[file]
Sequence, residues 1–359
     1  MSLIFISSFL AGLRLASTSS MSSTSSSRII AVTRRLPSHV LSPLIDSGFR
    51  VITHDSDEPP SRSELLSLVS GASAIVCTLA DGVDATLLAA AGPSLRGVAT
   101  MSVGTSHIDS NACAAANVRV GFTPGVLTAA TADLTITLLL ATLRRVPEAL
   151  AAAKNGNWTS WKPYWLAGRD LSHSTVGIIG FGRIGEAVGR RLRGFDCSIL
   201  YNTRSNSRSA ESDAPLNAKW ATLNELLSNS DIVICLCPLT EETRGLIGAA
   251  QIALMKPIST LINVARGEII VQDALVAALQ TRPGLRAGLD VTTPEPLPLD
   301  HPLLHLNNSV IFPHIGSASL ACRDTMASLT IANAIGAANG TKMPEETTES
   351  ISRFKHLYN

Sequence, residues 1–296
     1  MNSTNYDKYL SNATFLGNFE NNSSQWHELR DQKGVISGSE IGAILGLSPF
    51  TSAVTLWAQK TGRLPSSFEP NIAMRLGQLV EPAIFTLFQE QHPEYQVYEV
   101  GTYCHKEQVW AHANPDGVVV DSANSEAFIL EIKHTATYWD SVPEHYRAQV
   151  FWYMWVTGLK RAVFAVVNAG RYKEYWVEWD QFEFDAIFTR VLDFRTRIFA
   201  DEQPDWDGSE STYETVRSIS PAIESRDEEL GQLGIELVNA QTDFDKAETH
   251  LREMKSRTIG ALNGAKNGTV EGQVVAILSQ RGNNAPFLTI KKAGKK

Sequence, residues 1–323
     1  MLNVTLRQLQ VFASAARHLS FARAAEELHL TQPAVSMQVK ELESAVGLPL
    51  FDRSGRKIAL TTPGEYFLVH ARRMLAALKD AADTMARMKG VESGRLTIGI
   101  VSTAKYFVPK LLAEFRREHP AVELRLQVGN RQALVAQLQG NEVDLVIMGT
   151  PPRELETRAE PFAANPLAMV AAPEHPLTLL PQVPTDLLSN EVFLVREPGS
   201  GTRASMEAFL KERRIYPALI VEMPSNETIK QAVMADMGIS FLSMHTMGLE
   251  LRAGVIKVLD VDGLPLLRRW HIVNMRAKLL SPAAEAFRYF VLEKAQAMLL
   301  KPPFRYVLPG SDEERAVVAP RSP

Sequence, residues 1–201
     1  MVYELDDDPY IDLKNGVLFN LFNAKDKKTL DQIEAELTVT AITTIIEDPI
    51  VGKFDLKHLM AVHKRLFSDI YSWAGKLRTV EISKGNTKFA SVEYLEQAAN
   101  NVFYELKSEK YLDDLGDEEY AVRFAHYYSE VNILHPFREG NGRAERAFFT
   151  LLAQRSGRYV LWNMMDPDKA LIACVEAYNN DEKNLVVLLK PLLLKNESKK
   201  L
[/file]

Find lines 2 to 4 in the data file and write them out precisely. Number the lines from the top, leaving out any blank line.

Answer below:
     1  MSLIFISSFL AGLRLASTSS MSSTSSSRII AVTRRLPSHV LSPLIDSGFR
    51  VITHDSDEPP SRSELLSLVS GASAIVCTLA DGVDATLLAA AGPSLRGVAT
   101  MSVGTSHIDS NACAAANVRV GFTPGVLTAA TADLTITLLL ATLRRVPEAL